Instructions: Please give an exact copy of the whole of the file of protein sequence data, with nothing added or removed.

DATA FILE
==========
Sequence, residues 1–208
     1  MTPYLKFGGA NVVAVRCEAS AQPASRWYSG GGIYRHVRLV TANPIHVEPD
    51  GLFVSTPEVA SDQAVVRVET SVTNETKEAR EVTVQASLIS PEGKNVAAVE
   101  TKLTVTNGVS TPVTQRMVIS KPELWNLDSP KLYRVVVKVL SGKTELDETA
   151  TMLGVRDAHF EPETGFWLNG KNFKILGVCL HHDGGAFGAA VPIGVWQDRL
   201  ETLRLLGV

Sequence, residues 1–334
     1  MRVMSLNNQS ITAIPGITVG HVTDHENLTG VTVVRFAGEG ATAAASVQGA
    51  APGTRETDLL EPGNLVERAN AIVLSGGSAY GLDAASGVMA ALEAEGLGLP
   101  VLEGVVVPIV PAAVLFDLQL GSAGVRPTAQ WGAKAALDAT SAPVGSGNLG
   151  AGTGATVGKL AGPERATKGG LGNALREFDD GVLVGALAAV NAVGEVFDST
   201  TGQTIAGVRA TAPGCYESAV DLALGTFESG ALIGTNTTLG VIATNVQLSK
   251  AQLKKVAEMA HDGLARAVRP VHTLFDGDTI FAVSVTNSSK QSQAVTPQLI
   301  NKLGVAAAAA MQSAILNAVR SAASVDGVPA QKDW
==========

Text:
Sequence, residues 1–208
     1  MTPYLKFGGA NVVAVRCEAS AQPASRWYSG GGIYRHVRLV TANPIHVEPD
    51  GLFVSTPEVA SDQAVVRVET SVTNETKEAR EVTVQASLIS PEGKNVAAVE
   101  TKLTVTNGVS TPVTQRMVIS KPELWNLDSP KLYRVVVKVL SGKTELDETA
   151  TMLGVRDAHF EPETGFWLNG KNFKILGVCL HHDGGAFGAA VPIGVWQDRL
   201  ETLRLLGV

Sequence, residues 1–334
     1  MRVMSLNNQS ITAIPGITVG HVTDHENLTG VTVVRFAGEG ATAAASVQGA
    51  APGTRETDLL EPGNLVERAN AIVLSGGSAY GLDAASGVMA ALEAEGLGLP
   101  VLEGVVVPIV PAAVLFDLQL GSAGVRPTAQ WGAKAALDAT SAPVGSGNLG
   151  AGTGATVGKL AGPERATKGG LGNALREFDD GVLVGALAAV NAVGEVFDST
   201  TGQTIAGVRA TAPGCYESAV DLALGTFESG ALIGTNTTLG VIATNVQLSK
   251  AQLKKVAEMA HDGLARAVRP VHTLFDGDTI FAVSVTNSSK QSQAVTPQLI
   301  NKLGVAAAAA MQSAILNAVR SAASVDGVPA QKDW